Their leader named Bubu suffered horrific punishment. He was flayed and his skin was placed in the walls of Arbail. In the city of Suri, rebelling nobles were also skinned and were displayed like trophies. Some skin were left to rot but some were placed in a stake. Officials of the city suffered decapitation of their limbs.

The leader of the Suri rebellion, Ahiyababa, underwent flaying and his skin was then placed in the walls of Niniveh. After Ashurnasirpal defeated the city of Tila, he ordered to cut the hands and feet of the soldiers of the fallen city. Other than that, some soldiers found themselves without noses and ears. But also, many defeated soldiers had their eyes gouged out. The heads of the leaders of the Tila were hang in the trees around the city.

Ashurnasirpal was not alone in having a psychotic mind. Many of his successors followed his brutality towards enemies. Shalmaneser III had 20,500 enemy soldiers killed by arrow fire. Rebelling cities were “dug up” and burned with fire. Usually, surrounding towns of the unlucky city also suffered the same fate.

Shalmaneser III also illustrated in his relief and carvings how he burned the children of defeated cities. Moreover, he ordered the beheading of the soldiers of disloyal cities and made a pyramid from the heads at the gates of the defeated cities. One time, after he defeated the rebelling city of Arzaskhu, he fastened people alive in the pyramids of heads alongside with pole, which had also alive captured soldiers dangling.

23 Thy tacklings are loosed; they could not well strengthen their mast, they could not spread the sail: then is the prey of a great spoil divided; the lame take the prey.

“Tacklings” – Jerusalem is pictured as a ship, unprepared to sail into battle against Assyria.

“Then” – when God strikes down the Assyrian army (see 10:33-34, 37:36).

24 And the inhabitant shall not say, I am sick: the people that dwell therein shall be forgiven their iniquity.

Looking beyond Isaiah’s own day to the physically and spiritually whole Jerusalem of vv 17, 20-22.

Is History Repeating Itself?

Unfortunately that very lifestyle is now being massively repeated in the United States, Britain and other Commonwealth and modern Western countries.  Unless there is genuine national repentance, the horrendous consequences are certain.

“And there was given unto him a mouth speaking great things and blasphemies; and power was given unto him to continue forty and two months.

And he opened his mouth in blasphemy against God, to blaspheme his name, and his tabernacle, and them that dwell in heaven” (Rev 13:5-6).

At a time when frightening trends in world conditions require awareness, alertness and the most sober contemplation, millions are dozing all over the globe. The masses also slept serenely at the time of Noah’s Flood—apparently unaware of an impending calamity. Is history repeating itself?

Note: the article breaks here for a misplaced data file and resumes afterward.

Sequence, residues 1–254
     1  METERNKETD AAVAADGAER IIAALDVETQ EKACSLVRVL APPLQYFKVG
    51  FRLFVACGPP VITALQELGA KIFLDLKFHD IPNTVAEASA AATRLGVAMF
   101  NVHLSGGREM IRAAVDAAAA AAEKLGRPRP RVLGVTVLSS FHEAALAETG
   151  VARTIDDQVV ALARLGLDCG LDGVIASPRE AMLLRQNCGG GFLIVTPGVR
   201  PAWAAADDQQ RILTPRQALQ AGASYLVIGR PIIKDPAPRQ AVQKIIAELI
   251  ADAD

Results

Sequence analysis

A sleepy male student did not know the answer to a simple question in a history class at the University of Texas in Austin on a lazy summer afternoon in 1956.  The professor calmly waited.  Finally an answer came forth . “I think you’ll find sir,” he blurted out, “that history repeats itself.”  The whole class erupted in laughter.

You’ve probably heard that all your life.  Like a proverb or truism, people haul it out to sum up a strange turn of present events that parallels what occurred in bygone days.

But does history indeed repeat itself?  The question bears some deep thinking and sober analysis.  It forces us to consider the past and to consult reliable sources.  And most importantly it forces us to ask, what does the Bible say about this question?

God is meticulous in all things, and He wants us to be the same:

“And God said, Let us make man in our image, after our likeness…”(Gen 1:26).

God likes things done and kept in order:

“In those days was Hezekiah sick unto death.  And the prophet Isaiah the son of Amoz came to him, and said unto him, Thus saith the LORD, Set thine house in order; for thou shalt die and not live” (2 Kgs 20:1).

“Thus saith the LORD the King of Israel, and his redeemer the LORD of hosts; I am the first, and I am the last; and beside me there is no God.

And who, as I, shall call, and shall declare it, and set it in order for me, since I appointed the ancient people?  And the things that are coming, and shall come, let them shew unto them” (Isa 44:6-7).

 The first chapter of Genesis shows God bringing order out of chaos.  Although He is not the author of confusion (1 Cor 14:33), God did make humans with independent minds who could and did think for themselves.  They were even able to make decisions contrary to His will and against their own best interests.

Understanding Repetitive Patterns

We should take careful note of how the nations are behaving on the world scene.  The Bible itself sets great store in understanding the repetitive character of human behavior.  Jesus Christ understood it very well. He soberly reflected on trends and conditions before the time of Noah’s Flood and plainly stated: